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International Environmental Policies: The Buffer Zones Case

Elgin, Western Cape, South Africa, December 2019. Spraying apple trees in the fruit producing area close to Elgin ajoining the Theewaterskloof Dam, Western Cape. Source: Adobe Stock

When it comes to Plant Protection Product (PPP) registrations data across countries a question arises: How much drift will be during pesticide application? If drift reduction equipment and techniques are straightforward, why environmental buffer zone legislations are so different from country to country?

Buffer spraying zones define the areas designated as a no spray zone between sensitive ecosystems and the crop being sprayed and they are based on different pesticide legislation backgrounds. For example, in Europe aerial pesticide applications are forbidden, whereas in the US and Canada are allowed thus, aerial buffer zones should be omitted in the former whilst defined in the latter.  Even in the same continent differences rise up: on the one hand, USA’s agency EPA developed a buffer zone calculator for “Gas fumigants” however, on the other hand, Canada´s buffer zone calculator cannot be used for “Gas fumigants” since it is only available for “Sprayers”.

Scope varies within Europe as well. For instance, when it comes to drift reduction technology, German legislation classifies drift reduction equipment in three categories depending on the percentage of drift reduced: 50%, 75% and 90%. Conversely, French legislation sets categories from 66% drift reduction or more.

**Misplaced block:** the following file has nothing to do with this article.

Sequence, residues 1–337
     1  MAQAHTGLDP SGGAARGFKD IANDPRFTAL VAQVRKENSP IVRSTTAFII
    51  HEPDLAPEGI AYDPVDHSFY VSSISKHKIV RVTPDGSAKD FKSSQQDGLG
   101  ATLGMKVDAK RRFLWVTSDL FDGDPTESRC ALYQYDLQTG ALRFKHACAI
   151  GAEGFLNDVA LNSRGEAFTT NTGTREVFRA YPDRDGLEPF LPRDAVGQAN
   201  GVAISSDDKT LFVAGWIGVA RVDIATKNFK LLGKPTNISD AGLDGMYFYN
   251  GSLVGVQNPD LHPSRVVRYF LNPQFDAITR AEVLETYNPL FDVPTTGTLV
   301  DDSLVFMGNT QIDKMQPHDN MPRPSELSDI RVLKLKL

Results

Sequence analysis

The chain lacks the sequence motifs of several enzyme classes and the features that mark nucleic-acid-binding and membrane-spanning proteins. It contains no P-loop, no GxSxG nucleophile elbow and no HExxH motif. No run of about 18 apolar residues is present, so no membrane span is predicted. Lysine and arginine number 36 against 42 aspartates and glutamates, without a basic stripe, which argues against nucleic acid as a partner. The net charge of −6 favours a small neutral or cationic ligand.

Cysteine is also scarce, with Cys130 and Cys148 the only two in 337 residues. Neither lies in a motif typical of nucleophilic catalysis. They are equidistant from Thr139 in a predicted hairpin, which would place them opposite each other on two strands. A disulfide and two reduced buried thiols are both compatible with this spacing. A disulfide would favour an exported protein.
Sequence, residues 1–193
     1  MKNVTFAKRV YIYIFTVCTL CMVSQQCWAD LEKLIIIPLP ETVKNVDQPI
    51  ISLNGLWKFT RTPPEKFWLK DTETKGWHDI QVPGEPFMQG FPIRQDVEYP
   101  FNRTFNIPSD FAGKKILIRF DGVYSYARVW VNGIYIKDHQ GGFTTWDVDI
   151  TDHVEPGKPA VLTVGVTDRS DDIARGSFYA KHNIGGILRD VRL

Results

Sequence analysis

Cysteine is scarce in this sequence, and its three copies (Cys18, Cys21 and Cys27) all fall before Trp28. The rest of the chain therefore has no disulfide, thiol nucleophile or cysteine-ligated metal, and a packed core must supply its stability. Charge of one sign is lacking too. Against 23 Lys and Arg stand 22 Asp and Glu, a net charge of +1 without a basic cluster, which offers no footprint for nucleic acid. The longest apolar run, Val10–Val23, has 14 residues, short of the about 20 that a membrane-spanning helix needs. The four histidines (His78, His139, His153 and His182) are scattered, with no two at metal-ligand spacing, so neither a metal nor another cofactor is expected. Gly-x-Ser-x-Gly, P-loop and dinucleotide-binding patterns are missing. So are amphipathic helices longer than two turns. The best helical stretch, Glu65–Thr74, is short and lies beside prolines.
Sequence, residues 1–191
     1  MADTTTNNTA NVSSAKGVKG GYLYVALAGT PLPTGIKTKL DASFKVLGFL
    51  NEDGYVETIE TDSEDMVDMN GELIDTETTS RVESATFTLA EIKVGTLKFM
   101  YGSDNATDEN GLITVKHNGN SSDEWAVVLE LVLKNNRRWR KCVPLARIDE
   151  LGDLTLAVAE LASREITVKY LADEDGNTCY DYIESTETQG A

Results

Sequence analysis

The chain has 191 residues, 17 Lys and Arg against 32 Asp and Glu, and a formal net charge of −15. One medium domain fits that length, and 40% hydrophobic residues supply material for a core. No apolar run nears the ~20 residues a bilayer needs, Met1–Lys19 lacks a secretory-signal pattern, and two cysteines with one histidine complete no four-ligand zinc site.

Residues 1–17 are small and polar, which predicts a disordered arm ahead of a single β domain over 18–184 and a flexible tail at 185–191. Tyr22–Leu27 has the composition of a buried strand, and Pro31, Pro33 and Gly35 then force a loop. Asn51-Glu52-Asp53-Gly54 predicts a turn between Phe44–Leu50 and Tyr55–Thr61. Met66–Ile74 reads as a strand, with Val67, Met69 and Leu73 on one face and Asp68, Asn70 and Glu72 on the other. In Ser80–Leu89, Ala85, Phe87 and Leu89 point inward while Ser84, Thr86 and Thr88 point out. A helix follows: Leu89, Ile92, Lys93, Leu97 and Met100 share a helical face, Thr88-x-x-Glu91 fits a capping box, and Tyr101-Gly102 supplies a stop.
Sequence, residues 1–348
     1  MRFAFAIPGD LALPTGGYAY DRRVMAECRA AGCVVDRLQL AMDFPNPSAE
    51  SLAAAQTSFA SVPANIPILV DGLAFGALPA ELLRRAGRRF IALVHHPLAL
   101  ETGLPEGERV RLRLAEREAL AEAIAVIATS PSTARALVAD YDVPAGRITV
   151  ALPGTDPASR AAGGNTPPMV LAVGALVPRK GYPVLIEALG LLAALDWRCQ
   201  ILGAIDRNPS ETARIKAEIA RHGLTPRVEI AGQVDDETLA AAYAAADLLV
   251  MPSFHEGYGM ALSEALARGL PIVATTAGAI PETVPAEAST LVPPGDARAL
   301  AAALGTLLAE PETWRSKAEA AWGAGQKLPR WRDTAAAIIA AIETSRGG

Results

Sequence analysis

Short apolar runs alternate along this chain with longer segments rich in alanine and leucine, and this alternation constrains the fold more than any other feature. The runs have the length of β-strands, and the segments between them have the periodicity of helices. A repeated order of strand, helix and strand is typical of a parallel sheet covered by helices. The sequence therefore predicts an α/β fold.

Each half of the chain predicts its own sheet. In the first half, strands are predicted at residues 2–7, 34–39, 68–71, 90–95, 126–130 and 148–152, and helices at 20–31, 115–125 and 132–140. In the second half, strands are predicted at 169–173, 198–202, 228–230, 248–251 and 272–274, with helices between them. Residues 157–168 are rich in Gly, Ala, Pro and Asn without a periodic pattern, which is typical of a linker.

In other countries like Brazil and Argentina, buffer zone legislations are currently under development, with national, regional and local authorities involved in both countries. In addition, Argentinian judges could define and establish buffer zones distances in certain situations. Conversely, countries such as Japan, where buffer zone legislation does not exist, pesticides could be even applied on water bodies e.g. flooded rice fields.

In this complex and variable global scenario, Homologa stands out as the most advanced solution in the market for buffer zones data at the international level. Our database integrates all cases defined by legislations and official tools available in each of the different countries providing buffer zones data, harmonizing, and combining it with the current available PPP data. Regardless buffer zones complexity, Homologa offers fully digital machine-readable data, allowing users to know exactly where and when pesticides can be applied and therefore to support them with market (and residue) compliance, defined by environmental legislations for any agriculture output.

Visit Homologa® or contact us for further information about our buffer zones dataset or any of the different datasets currently available in our database.